Unaligned or misaligned partitioning results in the I/O crossing a track boundary, resulting in additional I/O. This incurs a penalty on both latency and throughput. The additional I/O can impact system resources significantly on some host types and some applications - especially disk-intensive applications, such as SmartEvent or heavily loaded logging modules. An aligned partition ensures that the single I/O is serviced by a single device, eliminating the additional I/O and resulting in overall performance improvement.

For more information and remediation, refer to the documentation of the SAN provider.



Allocate at least 6 GB of memory to the Virtual Machine. For Virtual Machines running Multi-Domain Security Management Server, plan to allocate 6 GB for the base installation plus 2 GB for each additional Domain. Consider reserving 50% of the memory allocated and consider increasing the Virtual Machine's resource shares allocation.



In multi-CPU (SMP) guests, the guest operating system can migrate processes from one vCPU to another. This migration can incur a small CPU overhead. If the migration is very frequent, it might be helpful to pin guest threads or processes to specific vCPUs. Allocate only the number of vCPUs as is necessary.

For heavily-subscribed environments, consider reserving at least 30% of the CPU frequency and consider increasing the CM's resource shares allocation.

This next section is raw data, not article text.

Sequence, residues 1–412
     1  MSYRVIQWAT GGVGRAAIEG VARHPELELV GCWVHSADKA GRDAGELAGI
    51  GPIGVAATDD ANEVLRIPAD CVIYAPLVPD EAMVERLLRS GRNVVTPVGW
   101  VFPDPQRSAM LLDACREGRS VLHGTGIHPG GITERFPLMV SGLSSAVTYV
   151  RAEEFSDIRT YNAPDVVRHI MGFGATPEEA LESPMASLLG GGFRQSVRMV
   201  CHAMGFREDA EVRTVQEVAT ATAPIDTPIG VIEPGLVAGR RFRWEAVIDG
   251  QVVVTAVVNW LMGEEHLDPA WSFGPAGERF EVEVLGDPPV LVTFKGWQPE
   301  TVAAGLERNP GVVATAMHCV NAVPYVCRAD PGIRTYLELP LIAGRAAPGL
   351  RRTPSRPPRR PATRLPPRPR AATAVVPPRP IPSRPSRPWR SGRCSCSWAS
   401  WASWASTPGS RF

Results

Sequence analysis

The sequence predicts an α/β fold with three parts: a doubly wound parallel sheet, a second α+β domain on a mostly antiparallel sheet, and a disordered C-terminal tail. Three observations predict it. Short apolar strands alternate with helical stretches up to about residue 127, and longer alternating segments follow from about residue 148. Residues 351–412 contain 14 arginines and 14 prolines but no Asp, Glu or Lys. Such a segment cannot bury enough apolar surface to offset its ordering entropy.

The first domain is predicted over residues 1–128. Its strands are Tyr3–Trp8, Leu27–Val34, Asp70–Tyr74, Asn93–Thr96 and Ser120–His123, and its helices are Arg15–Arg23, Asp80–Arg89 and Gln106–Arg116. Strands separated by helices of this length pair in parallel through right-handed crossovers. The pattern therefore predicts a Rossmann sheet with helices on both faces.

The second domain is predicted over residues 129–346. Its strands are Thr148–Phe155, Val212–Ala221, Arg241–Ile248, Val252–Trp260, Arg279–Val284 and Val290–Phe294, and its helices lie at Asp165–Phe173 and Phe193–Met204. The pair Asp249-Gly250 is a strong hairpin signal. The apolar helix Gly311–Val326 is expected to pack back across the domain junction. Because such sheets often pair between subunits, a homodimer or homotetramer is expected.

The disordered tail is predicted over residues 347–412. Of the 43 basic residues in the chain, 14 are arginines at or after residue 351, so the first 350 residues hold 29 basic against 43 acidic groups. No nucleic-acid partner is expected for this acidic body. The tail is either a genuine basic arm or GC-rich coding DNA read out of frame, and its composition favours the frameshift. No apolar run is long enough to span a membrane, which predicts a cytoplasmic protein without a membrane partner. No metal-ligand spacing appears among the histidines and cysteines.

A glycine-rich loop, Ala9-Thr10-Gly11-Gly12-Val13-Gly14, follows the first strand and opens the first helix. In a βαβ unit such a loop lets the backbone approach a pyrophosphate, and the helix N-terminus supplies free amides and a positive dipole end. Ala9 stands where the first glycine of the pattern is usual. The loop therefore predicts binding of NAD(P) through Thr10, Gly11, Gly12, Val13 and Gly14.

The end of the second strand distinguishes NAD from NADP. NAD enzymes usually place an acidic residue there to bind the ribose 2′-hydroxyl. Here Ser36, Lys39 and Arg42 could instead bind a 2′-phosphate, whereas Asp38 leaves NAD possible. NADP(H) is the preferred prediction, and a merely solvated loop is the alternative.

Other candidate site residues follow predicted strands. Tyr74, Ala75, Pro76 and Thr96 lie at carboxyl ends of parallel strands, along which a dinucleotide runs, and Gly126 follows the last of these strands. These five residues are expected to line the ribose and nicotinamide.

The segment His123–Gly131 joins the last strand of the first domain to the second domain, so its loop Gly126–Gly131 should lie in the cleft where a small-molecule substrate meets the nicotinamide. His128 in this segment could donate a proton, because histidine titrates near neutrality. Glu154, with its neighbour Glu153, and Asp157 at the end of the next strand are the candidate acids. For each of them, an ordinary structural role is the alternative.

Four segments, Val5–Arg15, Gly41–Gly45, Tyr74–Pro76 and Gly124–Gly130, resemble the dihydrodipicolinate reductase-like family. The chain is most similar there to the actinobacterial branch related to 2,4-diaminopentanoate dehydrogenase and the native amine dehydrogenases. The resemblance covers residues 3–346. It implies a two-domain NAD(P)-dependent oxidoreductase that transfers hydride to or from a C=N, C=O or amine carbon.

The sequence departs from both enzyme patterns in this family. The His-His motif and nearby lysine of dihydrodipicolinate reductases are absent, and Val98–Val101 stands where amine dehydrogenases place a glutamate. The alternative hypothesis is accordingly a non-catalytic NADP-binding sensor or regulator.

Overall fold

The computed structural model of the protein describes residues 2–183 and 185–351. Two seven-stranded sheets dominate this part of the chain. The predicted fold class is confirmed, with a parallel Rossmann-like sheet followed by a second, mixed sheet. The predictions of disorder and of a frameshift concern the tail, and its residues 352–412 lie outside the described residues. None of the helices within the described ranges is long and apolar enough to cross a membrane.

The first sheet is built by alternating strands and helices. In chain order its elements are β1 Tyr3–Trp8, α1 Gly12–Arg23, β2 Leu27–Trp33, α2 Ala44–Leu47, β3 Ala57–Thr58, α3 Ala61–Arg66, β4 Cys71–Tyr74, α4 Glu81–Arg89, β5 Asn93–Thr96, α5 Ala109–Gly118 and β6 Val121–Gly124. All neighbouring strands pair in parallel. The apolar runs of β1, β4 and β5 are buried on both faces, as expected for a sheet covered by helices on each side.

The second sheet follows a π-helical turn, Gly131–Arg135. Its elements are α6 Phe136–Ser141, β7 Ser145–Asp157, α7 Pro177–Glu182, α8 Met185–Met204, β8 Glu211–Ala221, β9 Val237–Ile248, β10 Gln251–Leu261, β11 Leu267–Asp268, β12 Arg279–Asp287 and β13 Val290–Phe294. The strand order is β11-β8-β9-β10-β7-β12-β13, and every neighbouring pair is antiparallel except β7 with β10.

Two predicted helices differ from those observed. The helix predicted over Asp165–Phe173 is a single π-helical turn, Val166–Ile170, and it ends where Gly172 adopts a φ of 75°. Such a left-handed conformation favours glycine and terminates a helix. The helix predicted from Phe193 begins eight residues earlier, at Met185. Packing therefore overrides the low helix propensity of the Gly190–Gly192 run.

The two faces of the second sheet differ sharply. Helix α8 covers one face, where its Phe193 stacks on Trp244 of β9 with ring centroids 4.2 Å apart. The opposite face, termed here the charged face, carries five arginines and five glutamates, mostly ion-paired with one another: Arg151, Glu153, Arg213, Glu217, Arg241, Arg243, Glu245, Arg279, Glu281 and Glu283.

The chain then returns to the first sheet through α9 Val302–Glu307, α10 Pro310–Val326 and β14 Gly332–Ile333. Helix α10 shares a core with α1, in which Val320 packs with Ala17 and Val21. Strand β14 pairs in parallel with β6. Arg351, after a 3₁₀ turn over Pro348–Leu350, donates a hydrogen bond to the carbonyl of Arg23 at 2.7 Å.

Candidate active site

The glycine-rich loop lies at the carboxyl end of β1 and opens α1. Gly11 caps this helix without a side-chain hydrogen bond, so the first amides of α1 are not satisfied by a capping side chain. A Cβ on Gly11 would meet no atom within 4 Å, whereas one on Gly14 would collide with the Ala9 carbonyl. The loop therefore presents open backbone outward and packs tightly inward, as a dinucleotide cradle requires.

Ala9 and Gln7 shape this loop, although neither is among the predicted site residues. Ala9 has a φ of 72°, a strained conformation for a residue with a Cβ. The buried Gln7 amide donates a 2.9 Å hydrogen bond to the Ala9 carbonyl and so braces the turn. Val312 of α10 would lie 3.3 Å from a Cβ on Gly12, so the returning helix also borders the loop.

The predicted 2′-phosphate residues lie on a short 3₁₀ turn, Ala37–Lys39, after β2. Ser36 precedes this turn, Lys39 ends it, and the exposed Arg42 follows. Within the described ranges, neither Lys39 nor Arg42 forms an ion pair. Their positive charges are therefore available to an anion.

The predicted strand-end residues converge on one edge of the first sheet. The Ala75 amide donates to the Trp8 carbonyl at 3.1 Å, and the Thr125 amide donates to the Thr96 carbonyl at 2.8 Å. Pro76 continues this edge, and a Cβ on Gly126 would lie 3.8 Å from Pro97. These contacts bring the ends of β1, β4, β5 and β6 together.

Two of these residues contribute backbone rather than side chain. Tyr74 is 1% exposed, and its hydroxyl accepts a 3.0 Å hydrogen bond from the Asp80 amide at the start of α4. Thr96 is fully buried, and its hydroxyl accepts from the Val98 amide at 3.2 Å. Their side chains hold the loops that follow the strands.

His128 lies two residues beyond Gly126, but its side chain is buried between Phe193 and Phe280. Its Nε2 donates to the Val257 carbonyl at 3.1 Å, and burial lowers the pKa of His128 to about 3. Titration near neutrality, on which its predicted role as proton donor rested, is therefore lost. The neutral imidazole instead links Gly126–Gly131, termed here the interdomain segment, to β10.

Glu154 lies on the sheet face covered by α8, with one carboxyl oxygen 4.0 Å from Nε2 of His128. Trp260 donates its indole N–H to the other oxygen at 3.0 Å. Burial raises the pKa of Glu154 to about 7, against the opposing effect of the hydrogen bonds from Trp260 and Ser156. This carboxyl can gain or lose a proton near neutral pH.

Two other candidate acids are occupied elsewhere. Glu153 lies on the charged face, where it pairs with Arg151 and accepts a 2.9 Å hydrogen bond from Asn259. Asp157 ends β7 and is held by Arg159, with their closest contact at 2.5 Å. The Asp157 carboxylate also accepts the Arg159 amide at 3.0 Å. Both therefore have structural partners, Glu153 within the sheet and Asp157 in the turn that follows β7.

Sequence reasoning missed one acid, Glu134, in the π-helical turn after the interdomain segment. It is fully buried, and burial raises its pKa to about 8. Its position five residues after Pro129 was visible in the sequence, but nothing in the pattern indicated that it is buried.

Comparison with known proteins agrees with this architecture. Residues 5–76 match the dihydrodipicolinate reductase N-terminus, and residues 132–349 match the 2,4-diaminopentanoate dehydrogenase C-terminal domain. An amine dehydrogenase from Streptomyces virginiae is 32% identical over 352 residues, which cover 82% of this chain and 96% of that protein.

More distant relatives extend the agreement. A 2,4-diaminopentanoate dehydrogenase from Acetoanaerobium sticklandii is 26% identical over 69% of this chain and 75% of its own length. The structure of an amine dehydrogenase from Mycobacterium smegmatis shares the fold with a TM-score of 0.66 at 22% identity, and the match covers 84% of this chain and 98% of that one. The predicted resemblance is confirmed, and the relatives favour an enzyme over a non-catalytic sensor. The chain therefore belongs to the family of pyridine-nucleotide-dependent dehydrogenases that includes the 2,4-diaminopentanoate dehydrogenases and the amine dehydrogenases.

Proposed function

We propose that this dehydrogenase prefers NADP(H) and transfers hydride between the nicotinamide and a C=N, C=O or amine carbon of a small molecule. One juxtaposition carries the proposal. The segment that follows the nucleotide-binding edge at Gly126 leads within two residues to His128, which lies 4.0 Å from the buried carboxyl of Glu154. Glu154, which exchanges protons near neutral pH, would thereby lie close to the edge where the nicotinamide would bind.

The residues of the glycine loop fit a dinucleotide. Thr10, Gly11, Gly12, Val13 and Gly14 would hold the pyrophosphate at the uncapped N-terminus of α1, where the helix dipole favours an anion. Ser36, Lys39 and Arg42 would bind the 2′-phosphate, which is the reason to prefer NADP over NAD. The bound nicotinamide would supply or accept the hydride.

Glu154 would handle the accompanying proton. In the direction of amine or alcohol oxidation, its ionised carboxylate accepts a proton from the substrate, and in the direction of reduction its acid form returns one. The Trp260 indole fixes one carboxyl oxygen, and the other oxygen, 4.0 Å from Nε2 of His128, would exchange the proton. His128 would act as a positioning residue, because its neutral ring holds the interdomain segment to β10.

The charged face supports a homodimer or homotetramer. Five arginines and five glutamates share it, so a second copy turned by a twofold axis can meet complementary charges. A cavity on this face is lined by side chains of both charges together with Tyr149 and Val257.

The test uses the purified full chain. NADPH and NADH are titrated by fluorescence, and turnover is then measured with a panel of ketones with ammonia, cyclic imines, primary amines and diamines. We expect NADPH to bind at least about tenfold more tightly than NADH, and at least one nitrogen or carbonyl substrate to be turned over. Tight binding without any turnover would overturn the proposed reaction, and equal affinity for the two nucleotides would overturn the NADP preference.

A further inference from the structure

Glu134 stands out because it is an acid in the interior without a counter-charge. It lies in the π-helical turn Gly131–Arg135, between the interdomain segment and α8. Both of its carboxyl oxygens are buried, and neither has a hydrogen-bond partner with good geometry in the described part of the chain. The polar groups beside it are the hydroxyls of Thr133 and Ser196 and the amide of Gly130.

Virtual Network Adapter

The default virtual network adapter emulated in a Virtual Machine is either an AMD PCnet32 device (vlance / "Flexible"), or an Intel E1000 device (E1000). Using "Flexible" NIC driver in SecurePlatform OS / Gaia OS is not recommended, as it has been shown to carry a significant performance penalty.
VMware also offers the VMXNET family of paravirtualized network adapters. The VMXNET family contains VMXNET, Enhanced VMXNET (available since ESX/ESXi 3.5), and VMXNET Generation 3 (VMXNET3; available since ESX/ESXi 4.0).

Check Point recommends the use of VMXNET Generation 3 (VMXNET3) on all supported Gaia releases.
On Gaia release that do not support VMXNET3, E1000 is the recommended choice.

VMXNET3 is included in Security Gateway VE OVF R77 and higher.
ISO version of Security Gateway VE support VMXNET3 on R77.30 and higher using Gaia OS.

For more information on the configuration and usage of VMXNET3 network adapters, refer to sk110686 - How to configure VMXNET3 Network Adapters.

In some cases, low receive throughput in a Virtual Machine can be caused by insufficient receive buffers in the receiver network device. If the receive ring in the guest operating system's network driver overflows, packets will be dropped in the VMkernel, degrading network throughput. A possible workaround is to increase the number of receive buffers, though this might increase the host physical CPU workload. For VMXNET3 and E1000, the default number of receive and transmit buffers are controlled by the guest driver, with the maximum possible for both being 4096.